Beethoven 5 & 7 in Gramophone
By Edward Seckerson, Gramophone,  January 2013
(SDG717)

Beethoven Symphonies 5 & 7

So palpable is the excitement of these live performances that it almost comes as a shock that the applause has been excised. I was out of my seat at the end of the Seventh and I can only assume that a patch was made of the final pages, because no audience could conceivably have contained itself.

From the very start, the cut-to-the-bone immediacy of the sound puts you up close and personal to the performance, lending a granite strength to the crunch of those chords and the rosiny resilience of those striding string scales. The dancing flute theme is really up-tempo and the blare of natural horns at the tutti brings on an earthiness, a rawness, to the proceedings. The dance starts here, the ‘apotheosis’ comes later.

John Eliot Gardiner and his resplendent Orchestre Révolutionnaire et Romantique rejoice in the sheer physicality of the music, the bounding rhythms, the stomping accents. There’s an implicit delirium in this music that would culminate in a dance of death were it not so life-affirming. Gardiner’s tempo for the second-movement Allegretto is significantly slower than the metronome (as witness Chailly) but the relationship between the wind and strings (period instruments far more equal in the balance) and the give and take between subject and countersubject lends an expressive mobility. There’s still an air of slow dance about it, breathlessly superseded by the scherzo with its whiplash reflexes (so much speedier with a leaner, meaner ensemble) and the excitement of sustained natural trumpets in the Trio. The hair-raising reiterations of the finale, driven to the point of exhaustion – the most exhilarating kind of exhaustion – are accentuated by the immediacy of the sound, and the penultimate piledriving climax and coda are absolutely thrilling, with brazen horns again dominating.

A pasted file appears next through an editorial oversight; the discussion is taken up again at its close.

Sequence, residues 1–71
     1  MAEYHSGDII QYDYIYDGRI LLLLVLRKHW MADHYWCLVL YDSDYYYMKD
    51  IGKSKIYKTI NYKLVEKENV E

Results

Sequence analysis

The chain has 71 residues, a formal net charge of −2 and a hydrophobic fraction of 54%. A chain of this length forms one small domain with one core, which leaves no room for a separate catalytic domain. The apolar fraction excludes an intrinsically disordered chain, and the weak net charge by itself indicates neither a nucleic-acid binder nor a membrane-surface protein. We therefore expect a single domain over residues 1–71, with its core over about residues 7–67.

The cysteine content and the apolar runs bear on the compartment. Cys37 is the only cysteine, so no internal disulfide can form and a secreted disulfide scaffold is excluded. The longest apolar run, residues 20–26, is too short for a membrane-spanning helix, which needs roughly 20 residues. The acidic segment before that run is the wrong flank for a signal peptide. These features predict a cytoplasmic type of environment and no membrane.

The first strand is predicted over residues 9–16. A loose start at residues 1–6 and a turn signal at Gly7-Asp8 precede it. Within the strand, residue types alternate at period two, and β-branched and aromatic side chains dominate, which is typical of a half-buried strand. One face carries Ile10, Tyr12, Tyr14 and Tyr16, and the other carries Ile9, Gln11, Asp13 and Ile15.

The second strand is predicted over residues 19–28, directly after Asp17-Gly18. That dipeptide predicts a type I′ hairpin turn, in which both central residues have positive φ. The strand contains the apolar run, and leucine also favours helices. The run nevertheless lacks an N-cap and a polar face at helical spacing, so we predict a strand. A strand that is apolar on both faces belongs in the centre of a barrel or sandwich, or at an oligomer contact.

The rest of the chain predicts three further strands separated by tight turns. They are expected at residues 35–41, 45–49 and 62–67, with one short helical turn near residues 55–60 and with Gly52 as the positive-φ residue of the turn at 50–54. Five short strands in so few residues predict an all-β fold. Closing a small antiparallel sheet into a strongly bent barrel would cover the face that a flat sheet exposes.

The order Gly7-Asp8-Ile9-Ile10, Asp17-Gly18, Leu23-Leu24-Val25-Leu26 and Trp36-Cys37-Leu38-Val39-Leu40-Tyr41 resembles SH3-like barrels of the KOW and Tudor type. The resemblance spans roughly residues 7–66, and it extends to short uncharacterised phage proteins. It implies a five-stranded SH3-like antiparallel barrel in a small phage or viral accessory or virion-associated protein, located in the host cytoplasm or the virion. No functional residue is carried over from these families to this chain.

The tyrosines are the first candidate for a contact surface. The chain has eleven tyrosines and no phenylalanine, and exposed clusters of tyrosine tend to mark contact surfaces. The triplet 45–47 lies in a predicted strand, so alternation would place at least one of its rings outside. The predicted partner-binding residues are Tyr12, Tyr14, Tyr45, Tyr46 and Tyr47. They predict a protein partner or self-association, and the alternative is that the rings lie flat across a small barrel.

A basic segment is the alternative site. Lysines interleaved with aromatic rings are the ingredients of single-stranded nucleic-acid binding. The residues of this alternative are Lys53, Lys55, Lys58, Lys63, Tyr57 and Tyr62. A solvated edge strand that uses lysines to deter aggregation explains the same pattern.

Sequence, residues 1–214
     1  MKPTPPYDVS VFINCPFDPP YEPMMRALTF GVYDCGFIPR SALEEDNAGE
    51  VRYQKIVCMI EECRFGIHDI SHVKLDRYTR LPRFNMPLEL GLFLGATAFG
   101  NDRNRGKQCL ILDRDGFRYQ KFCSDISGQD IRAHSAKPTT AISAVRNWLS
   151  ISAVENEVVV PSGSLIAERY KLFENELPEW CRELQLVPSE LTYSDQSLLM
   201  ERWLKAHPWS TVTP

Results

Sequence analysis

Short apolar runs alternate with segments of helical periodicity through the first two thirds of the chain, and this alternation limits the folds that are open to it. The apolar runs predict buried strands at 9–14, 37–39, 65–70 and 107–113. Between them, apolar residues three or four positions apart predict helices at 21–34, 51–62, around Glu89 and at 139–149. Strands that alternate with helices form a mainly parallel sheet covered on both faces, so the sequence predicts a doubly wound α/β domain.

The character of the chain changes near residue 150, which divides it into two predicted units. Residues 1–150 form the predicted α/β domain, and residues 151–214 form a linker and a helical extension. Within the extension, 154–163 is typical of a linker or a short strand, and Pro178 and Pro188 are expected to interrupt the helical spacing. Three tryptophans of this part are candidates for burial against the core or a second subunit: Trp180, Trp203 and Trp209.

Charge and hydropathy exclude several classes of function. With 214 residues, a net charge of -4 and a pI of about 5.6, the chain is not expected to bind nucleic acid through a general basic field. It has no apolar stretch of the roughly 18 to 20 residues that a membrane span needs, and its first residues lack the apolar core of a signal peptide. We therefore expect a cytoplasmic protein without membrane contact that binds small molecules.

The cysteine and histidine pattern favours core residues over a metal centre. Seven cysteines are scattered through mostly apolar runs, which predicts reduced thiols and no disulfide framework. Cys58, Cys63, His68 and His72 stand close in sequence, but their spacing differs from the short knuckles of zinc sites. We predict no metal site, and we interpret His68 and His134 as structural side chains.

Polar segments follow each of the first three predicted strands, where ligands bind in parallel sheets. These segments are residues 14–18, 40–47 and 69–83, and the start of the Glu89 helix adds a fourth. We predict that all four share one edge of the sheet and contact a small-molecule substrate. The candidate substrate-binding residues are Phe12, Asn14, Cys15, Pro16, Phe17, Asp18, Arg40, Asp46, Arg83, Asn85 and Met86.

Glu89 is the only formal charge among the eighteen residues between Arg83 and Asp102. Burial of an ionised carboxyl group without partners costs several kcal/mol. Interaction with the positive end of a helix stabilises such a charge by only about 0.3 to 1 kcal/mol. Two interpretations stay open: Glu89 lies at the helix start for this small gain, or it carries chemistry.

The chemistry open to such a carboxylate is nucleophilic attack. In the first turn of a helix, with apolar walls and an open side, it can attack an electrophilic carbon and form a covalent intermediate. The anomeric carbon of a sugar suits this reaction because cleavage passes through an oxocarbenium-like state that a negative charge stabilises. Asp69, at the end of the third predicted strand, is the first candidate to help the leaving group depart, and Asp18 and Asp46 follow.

The Fifth registers marginally lower on the Richter scale but is again characterised by a propulsive energy. The plangency of that isolated movement of reflexion for solo oboes in the first movement is eerily poignant here and I love, too, the way Gardiner brings home variations of the second movement. The roar into the light of the finale is tremendous, still more the mounting jubilation as a gruff, overfed bassoon signals the C major home stretch.

These are the kind of performances that remind us of what a revolution of reassessment period-instrument bands provoked. The shock of newness in Beethoven prevails.